By-Laws & Policies

Report from the Board Governance Task Force

In 2012, the Board of Directors (“Board”) of the Hamilton Chamber of Commerce (“Chamber”) instituted a complete overhaul of the By-laws, shifting its role from a “working board” model to an “oversight board.” This was instituted to bring more professionalism to the organization – both from the Board and the executive – and to reflect modern trends in organizational/association management.

At our annual Organizational Strategy Session in February 2019, facilitator Adam Legge, former CEO of the Calgary Chamber of Commerce and author of the management book Making Remarkable, led the Chamber Board and staff through a process to determine the areas in which the organization required improvement.

Much of the discussion was focused on a lack of a formal Board nomination and orientation process, and the absence of formal Board policies. It was agreed at the end of the strategy session that the CEO and the Vice Chair would strike a task force, develop a work plan and identify deliverables and timelines.

After months of consultation, which included a canvas of best practices across the industry, we recommended a Board Policy Manual that was adopted by the Board in September 2019. It outlines governance roles pertaining to Board executives and the President and CEO, rules for board meetings, a code of conduct, a conflict of interest policy, financial and control policies, and rules governing committees and task forces.

The new policies require some alterations to the Chamber’s By-Laws, particularly related to the organization’s Board nomination process. To ensure proper oversight, the new Nominating Committee will be comprised entirely of Board members. However, to ensure broad inclusion from across the membership, the new policies require a widespread and public call for nominees, which we employed in fall of 2019 to great effect.

Also under the new policies, governance matters will be overseen by the Executive Committee and delegated to a task force formed for a particular purpose (and still require the support of the whole Board).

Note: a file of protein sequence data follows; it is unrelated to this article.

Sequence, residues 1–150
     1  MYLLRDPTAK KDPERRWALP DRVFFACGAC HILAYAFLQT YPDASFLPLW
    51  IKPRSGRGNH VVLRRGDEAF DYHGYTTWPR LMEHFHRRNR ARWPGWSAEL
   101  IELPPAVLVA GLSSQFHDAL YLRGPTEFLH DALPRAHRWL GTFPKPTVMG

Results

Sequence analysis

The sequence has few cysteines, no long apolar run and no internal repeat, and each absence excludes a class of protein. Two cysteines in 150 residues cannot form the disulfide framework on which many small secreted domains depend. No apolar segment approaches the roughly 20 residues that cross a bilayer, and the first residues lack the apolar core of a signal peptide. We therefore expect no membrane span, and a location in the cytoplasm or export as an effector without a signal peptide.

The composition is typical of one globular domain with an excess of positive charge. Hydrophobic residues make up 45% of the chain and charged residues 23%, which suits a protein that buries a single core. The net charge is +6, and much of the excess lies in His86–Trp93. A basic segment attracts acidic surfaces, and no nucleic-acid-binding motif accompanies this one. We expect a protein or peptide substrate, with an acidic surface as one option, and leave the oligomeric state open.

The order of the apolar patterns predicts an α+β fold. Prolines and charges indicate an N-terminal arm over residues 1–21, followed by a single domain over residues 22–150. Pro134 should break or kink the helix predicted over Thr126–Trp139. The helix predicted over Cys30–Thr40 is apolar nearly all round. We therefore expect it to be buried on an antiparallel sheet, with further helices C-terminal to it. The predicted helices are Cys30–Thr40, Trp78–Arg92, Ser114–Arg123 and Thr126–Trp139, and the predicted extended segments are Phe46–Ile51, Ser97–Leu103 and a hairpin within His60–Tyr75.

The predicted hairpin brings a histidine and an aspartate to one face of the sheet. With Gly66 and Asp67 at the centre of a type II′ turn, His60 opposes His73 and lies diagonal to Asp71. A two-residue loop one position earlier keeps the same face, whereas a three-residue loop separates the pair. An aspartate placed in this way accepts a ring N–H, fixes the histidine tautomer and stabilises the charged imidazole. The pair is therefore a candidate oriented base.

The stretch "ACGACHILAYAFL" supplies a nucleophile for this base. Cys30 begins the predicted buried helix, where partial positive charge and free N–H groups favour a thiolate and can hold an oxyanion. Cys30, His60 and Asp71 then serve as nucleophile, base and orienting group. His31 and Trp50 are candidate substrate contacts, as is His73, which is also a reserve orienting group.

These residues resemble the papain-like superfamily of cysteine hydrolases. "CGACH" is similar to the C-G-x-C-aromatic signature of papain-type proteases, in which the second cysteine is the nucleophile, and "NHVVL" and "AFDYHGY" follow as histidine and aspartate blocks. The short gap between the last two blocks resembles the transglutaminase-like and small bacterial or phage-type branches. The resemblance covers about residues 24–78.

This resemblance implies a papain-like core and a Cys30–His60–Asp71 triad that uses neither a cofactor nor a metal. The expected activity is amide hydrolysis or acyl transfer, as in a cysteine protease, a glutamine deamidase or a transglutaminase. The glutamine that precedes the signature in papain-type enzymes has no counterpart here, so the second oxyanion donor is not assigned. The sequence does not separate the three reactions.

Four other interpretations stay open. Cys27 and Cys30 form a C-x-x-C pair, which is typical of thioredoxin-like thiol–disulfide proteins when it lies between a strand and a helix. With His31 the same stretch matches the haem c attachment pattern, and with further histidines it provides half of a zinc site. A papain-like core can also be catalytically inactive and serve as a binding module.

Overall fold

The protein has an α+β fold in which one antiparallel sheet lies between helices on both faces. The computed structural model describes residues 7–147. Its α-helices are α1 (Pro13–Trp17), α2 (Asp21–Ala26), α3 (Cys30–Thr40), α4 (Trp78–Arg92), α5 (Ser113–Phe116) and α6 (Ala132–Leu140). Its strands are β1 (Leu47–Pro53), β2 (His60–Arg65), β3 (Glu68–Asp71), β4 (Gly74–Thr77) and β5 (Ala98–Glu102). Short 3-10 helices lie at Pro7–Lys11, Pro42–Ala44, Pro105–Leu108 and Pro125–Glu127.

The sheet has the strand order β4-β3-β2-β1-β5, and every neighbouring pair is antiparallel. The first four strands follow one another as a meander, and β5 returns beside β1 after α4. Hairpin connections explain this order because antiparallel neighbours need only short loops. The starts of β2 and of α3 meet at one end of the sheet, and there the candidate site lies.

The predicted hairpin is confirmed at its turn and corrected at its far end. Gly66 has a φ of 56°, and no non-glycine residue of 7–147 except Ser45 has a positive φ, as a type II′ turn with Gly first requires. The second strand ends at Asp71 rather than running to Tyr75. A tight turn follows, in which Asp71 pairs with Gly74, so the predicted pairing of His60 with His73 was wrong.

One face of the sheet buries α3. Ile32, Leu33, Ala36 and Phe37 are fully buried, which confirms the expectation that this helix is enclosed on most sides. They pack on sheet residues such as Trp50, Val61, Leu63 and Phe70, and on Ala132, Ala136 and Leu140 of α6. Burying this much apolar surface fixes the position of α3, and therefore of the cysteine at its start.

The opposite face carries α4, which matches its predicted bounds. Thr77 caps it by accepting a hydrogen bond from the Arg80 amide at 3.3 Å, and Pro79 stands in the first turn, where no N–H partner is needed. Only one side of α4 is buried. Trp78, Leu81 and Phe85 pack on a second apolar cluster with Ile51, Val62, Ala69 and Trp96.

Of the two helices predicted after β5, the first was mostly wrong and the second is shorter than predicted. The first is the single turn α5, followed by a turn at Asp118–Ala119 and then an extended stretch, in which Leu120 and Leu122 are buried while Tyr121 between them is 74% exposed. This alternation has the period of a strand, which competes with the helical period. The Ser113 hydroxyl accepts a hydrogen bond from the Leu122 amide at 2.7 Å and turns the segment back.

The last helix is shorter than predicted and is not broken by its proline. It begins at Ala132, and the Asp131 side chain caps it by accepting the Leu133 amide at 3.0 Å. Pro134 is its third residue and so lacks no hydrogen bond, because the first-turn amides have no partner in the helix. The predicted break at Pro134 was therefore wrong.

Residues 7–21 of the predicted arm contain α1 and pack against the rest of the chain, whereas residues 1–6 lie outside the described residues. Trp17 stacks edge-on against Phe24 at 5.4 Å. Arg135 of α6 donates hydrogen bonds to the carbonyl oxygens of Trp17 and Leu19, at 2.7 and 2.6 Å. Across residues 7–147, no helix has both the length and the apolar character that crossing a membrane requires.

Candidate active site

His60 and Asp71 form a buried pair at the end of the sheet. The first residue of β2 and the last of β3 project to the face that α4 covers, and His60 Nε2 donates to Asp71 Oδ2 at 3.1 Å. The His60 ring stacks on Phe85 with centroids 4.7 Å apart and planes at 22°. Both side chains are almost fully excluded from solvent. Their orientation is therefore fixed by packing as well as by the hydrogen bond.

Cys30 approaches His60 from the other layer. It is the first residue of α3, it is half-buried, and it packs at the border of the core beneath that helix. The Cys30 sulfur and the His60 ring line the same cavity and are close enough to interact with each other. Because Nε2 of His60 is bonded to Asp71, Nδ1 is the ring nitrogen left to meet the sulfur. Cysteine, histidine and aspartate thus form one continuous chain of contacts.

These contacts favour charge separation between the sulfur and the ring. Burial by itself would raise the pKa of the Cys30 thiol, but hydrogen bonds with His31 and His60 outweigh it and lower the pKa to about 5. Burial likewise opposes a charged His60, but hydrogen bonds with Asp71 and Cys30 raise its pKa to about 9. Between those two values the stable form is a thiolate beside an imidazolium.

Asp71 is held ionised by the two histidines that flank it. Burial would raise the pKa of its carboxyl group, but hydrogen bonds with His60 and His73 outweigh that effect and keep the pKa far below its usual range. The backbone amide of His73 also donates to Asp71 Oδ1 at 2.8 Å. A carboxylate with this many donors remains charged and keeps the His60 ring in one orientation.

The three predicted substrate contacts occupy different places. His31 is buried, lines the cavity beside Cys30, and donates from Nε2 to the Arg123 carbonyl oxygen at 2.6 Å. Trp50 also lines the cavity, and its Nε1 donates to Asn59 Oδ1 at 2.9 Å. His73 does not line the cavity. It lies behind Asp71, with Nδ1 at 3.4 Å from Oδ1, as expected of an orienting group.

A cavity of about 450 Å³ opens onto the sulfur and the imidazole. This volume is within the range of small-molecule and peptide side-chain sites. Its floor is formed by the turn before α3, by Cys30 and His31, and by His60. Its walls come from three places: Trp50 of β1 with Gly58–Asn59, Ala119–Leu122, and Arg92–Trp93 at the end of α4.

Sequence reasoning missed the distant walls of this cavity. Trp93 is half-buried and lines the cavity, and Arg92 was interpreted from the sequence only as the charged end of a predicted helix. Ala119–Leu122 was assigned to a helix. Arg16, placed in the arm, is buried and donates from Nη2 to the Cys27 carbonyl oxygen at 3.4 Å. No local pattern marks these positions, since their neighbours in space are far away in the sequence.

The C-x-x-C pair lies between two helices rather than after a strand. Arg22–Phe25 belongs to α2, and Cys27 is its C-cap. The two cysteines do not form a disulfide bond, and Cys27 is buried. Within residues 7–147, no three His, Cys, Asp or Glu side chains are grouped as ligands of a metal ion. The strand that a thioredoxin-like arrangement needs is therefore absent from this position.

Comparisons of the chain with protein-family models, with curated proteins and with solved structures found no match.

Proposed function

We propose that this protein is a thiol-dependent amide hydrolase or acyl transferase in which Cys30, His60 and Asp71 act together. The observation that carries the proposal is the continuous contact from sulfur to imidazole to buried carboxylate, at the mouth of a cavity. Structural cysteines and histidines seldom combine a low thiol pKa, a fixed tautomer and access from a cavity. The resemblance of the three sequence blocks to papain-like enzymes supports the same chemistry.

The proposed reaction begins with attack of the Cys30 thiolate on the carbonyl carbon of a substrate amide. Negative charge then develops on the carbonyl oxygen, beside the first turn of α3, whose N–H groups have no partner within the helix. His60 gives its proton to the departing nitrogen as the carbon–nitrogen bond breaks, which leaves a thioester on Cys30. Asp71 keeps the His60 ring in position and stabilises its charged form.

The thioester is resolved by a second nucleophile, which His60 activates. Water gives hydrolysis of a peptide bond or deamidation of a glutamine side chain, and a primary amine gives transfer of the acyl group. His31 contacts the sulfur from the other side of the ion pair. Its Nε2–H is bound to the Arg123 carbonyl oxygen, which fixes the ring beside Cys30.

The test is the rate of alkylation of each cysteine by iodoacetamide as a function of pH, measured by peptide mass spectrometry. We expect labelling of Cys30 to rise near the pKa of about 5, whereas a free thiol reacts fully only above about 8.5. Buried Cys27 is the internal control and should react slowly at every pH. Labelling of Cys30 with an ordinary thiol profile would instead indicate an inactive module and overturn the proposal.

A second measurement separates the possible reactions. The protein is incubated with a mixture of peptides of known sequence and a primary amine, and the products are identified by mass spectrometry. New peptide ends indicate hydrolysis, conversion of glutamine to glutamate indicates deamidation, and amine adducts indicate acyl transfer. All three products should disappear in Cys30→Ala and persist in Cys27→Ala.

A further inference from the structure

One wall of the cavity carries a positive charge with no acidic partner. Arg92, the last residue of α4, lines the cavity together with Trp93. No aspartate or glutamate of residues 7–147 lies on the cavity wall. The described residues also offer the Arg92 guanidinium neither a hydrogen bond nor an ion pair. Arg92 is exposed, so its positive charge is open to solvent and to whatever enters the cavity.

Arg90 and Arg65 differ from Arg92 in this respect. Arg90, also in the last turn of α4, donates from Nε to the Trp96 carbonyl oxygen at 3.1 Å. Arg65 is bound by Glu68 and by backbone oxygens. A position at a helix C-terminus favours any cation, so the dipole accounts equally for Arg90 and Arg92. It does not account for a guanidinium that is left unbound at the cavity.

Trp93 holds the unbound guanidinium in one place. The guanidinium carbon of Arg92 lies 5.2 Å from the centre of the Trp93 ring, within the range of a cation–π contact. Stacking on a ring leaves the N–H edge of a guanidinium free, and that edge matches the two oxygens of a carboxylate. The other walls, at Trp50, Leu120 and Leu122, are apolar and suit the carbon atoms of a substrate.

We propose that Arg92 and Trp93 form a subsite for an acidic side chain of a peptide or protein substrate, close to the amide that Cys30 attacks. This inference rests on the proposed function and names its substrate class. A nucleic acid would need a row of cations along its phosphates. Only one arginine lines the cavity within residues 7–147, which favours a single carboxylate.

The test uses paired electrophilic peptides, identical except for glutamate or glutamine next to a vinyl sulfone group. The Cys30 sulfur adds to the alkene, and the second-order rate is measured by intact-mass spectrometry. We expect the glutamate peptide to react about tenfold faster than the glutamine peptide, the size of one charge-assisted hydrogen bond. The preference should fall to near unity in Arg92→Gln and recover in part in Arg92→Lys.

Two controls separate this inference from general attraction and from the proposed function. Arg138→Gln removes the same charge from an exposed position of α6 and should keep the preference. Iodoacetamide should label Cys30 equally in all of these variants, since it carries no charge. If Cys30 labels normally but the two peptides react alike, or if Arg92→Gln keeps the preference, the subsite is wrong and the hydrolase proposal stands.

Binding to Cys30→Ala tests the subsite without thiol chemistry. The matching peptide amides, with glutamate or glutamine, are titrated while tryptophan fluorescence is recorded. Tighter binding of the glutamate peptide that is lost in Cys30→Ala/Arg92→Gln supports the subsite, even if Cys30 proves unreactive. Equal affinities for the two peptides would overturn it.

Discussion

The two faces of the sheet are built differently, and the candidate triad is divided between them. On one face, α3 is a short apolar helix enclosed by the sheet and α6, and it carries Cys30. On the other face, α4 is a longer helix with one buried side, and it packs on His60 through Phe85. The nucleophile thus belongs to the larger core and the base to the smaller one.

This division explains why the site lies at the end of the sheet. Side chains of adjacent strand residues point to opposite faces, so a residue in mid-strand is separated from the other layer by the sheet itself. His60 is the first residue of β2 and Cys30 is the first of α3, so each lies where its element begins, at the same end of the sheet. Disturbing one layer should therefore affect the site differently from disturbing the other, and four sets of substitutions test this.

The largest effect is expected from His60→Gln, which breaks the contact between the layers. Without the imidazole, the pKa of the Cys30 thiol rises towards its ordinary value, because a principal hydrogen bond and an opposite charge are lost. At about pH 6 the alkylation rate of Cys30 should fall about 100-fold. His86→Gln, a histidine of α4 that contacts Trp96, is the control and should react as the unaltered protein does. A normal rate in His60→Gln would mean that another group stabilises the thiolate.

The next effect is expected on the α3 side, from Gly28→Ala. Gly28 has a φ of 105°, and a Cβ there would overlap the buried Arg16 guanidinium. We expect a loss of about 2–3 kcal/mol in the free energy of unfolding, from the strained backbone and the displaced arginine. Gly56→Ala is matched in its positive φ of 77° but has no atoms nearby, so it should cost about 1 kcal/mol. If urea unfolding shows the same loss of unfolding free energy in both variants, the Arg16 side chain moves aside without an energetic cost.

Because the new policies necessitated opening up the By-Laws, the Board took advantage of the opportunity to clean up other By-Laws here and there, to reflect the current practices of the organization. Some of the more important proposed changes are:

  • 5.15 – a Director can now be removed on majority vote of the Board only if he/she has violated the new Code of Conduct created in the Board Policy Manual. Previously a majority could remove a Director for any or no reason at all.
  • 7.2 – lowers the number of Executive Committee meetings necessary in a year, reflecting the difficulty in convening the Executive Committee more than four/five times a year.
  • 9.0 – enshrines the fact that the Board, through the work of the Committee and Division Renewal Task Force, now favors the creation of time-bound, issue-specific task forces over standing committees.
  • 18.4 – Divisions require the flexibility to meet fewer than eight times a year.

Under Article 15.2 of the By-Laws, we are herein providing the requisite notice to the membership of proposed changes to the By-Laws, which will require adoption at the March 3, 2020 AGM. We are providing the membership with the current By-Laws, a track-changes edit to the By-Laws that is being submitted to the membership for en masse approval (with margin notes to explain the changes) and the final version of the By-Laws should they be adopted as presented.

Any questions before the AGM should be directed to the President and CEO.